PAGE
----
If you don’t know the headhunter, and if you have never had contact with the employer — or they contacted you first — then there’s no reason to comply with unreasonable requests. Everyone has to ante up, including the recruiter and employer.

How do you get around this obstacle so you can talk directly to the hiring manager? You might not be able to. When a job opportunity comes to you, you relinquish significant control. But you can gain control by taking a firm stand. If this sounds overly aggressive, remember that no opportunity is real unless you are free to examine and judge it first. Be polite, but be firm. Try this:

How to Say It

(Sorry! This How to Say It tip is available only in the newsletter. Subscribe now! It’s FREE. Don’t miss next week’s extra content!)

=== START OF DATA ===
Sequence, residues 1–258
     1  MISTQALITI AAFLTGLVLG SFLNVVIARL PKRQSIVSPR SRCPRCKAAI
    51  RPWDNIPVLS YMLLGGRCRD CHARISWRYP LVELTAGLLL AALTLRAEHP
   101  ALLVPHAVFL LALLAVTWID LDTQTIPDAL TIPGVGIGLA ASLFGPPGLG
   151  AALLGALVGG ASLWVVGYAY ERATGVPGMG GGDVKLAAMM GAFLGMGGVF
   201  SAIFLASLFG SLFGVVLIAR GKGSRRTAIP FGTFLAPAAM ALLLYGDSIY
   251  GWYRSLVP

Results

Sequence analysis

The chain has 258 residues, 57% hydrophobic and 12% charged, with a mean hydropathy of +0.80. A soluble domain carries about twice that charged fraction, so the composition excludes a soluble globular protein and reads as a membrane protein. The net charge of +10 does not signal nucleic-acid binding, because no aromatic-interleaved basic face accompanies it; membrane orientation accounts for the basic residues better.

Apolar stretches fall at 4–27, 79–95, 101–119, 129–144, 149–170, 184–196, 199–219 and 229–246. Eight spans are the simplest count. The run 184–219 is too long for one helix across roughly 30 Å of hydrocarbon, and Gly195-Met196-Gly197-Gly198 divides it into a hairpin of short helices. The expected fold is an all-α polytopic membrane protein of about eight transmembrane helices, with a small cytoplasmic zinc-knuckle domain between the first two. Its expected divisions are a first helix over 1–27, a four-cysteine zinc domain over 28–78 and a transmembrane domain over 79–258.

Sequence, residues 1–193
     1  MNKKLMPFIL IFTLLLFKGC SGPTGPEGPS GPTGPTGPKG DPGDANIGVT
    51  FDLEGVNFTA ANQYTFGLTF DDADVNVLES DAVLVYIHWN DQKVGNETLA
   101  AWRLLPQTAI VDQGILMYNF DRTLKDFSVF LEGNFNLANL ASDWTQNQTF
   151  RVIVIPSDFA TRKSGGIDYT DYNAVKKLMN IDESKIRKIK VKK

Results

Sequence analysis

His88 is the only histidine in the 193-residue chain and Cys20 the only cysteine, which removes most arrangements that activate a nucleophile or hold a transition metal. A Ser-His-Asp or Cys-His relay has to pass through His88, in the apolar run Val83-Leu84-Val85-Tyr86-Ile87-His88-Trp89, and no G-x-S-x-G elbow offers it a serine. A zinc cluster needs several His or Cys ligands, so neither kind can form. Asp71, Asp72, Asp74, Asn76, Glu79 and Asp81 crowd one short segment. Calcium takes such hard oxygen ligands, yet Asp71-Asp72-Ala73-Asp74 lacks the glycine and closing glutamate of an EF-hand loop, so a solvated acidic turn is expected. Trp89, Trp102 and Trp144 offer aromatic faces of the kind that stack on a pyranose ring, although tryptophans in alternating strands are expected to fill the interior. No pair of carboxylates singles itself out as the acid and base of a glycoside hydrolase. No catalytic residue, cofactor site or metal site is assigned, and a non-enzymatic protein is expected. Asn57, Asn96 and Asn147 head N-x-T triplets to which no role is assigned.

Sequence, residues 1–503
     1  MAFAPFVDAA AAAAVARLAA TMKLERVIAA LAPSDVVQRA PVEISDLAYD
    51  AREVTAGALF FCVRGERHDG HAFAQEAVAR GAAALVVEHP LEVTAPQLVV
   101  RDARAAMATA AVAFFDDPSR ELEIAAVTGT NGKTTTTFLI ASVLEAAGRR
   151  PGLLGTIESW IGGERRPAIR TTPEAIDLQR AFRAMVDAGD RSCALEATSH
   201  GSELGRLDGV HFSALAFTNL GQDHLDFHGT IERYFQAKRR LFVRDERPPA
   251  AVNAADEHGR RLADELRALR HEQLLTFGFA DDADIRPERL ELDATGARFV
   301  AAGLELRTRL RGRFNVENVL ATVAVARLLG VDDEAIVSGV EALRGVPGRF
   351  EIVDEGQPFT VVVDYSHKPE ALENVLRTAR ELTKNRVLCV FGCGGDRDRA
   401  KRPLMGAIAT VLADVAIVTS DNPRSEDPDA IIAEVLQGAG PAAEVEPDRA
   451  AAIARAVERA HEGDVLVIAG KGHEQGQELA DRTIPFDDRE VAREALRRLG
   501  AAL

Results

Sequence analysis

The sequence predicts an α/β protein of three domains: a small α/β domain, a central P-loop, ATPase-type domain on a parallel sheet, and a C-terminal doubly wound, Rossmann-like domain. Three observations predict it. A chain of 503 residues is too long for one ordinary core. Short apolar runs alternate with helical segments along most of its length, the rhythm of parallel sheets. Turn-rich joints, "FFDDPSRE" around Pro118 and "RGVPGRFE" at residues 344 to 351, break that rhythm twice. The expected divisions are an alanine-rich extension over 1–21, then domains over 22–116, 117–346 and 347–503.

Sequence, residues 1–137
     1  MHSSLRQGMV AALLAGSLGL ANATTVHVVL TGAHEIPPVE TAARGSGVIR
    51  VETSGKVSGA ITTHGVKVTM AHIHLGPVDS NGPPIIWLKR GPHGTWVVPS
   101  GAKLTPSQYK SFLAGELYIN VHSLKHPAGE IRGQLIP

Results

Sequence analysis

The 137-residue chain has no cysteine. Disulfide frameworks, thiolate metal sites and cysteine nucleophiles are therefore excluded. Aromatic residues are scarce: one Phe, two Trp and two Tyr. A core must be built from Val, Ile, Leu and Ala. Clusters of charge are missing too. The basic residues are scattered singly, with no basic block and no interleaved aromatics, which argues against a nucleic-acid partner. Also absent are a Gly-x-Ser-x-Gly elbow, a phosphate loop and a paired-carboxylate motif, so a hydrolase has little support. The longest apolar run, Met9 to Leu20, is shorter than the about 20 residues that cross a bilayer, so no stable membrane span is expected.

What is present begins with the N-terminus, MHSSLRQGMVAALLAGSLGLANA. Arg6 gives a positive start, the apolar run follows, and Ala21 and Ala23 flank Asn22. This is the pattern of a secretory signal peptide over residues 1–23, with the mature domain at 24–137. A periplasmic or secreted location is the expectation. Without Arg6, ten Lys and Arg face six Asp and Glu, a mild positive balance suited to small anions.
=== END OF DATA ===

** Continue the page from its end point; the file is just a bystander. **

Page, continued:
Or, try this:

How to Say It

“Tell you what. You’re recruiting me. If you can provide me with the names of two people who endorsed and recommended me — That’s why you’re calling me, right? — then I’ll give you two more very good references. But if you don’t really know why you’re calling me, why would I give you more names?”

A good headhunter will defer to a candidate he’s serious about recruiting. The rest will hang up because you busted them. The best they can do is try to make you feel you must give up the goods if you want that good opportunity… it’s a classic sales ploy. Don’t let your references be abused.

(How can you distinguish a good headhunter from a lousy one? See The truth about headhunters.)

Just because a headhunter or employer asks for references doesn’t mean it’s time to hand them over. How do you use your references properly, and protect them from abuse?